30 May 2013

Modern science's impoverished metaphysics

All modern science must rely on experimental data that can only be given in the present, even when they refer to past occurrences. Usually, the scientist must be able to see these data, even though such seeing is invariably mediated by experimental apparatuses, today mostly enormously complex, data-records and long strings of references to trusted scientific literature that records ‘black on white’ the results of previous research. The experimental apparatuses themselves are conceived and constructed within the terms of a scientific theory, i.e. a model, that tells the scientist what he will ‘see’ via the mediation of this apparatus. Seeing is believing — that is, if you believe in seeing, and also in the model mediating this seeing. The metaphysics of modern science, with its insistence on a third-person access to the world in the present evidenced by experimental data has enormous consequences insofar as it demotes, and tendentially annihilates, the ontological status of other modes of world-access in which the second person and the other two temporal modes, past and future, as such come into play. These other modes are then ‘nothing’ compared to the hard exactness of hard science with its hard-data-fed mathematical hold on the world. But then phenomena such as love, empathy and trust have no place whatever ontologically in such a metaphysics, and practices such as psychoanalysis or psychotherapy, insofar as they rely essentially on the relating of dreams, phantasies and memories to a person of trust, must be regarded as not up to the scientific mark. Even more than that, any attempt to countenance and develop a metaphysics of the second person that ranges over all temporal dimensions must be fiercely combatted or brutally ignored. Nevertheless, modern science cannot deny the ontic occurrence of such-second-person phenomena within the scope of, and essential to, human experience of the world; it is just totally at a loss to say ontologically what mode of being they have, and does not even know, nor any interest in knowing, what ontology as the investigation of beings as beings, is. As such, modern science is in denial about its impoverished metaphysical state.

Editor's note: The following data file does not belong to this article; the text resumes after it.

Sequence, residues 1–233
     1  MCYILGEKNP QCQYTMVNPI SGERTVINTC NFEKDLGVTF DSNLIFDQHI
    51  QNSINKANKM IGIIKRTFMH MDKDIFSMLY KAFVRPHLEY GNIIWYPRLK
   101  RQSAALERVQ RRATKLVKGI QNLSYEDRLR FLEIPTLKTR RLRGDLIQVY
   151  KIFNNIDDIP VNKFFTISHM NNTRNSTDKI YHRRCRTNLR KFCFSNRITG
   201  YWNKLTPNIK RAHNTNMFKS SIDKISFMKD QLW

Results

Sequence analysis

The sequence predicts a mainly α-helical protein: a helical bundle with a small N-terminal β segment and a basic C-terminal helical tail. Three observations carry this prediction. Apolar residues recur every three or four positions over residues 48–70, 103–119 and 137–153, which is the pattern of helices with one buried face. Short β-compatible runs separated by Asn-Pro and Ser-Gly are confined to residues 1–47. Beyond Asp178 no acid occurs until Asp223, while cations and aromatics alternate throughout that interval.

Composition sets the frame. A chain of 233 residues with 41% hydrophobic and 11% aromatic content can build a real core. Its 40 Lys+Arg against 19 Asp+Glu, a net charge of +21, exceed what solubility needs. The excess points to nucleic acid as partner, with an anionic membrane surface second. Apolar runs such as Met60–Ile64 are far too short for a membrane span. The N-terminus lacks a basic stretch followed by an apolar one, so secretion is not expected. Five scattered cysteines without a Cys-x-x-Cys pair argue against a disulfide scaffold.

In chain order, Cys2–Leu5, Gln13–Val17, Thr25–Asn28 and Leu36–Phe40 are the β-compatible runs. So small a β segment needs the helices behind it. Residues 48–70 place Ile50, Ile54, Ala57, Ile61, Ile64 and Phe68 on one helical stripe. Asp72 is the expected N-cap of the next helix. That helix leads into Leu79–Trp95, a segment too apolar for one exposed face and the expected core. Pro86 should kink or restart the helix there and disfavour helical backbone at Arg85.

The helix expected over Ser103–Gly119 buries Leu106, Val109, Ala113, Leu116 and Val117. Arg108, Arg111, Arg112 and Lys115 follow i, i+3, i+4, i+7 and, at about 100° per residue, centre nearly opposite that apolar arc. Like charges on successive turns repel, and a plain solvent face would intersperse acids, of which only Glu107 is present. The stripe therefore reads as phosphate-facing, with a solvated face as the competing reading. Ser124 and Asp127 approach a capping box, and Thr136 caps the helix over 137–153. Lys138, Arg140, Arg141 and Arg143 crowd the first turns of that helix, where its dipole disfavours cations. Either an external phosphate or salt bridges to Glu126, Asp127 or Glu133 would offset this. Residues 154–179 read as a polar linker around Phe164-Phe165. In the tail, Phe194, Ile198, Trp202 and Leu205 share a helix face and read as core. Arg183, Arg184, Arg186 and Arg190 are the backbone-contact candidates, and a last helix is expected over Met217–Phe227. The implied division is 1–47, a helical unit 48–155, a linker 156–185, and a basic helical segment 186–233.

1. And, so, what would be a "metaphysics of a second person"? And is there any place for the first person?

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    2. The first person is always involved; so, properly speaking, it's a matter of bringing the phenomena of first-and-second person to the fore, rather than the exclusive scientific focus on the first-and-third person (subject-object). The first-and-second person can be called also you-and-me. A phenomenology of you-and-me demands questioning all the self-evidences of subject-object metaphysics.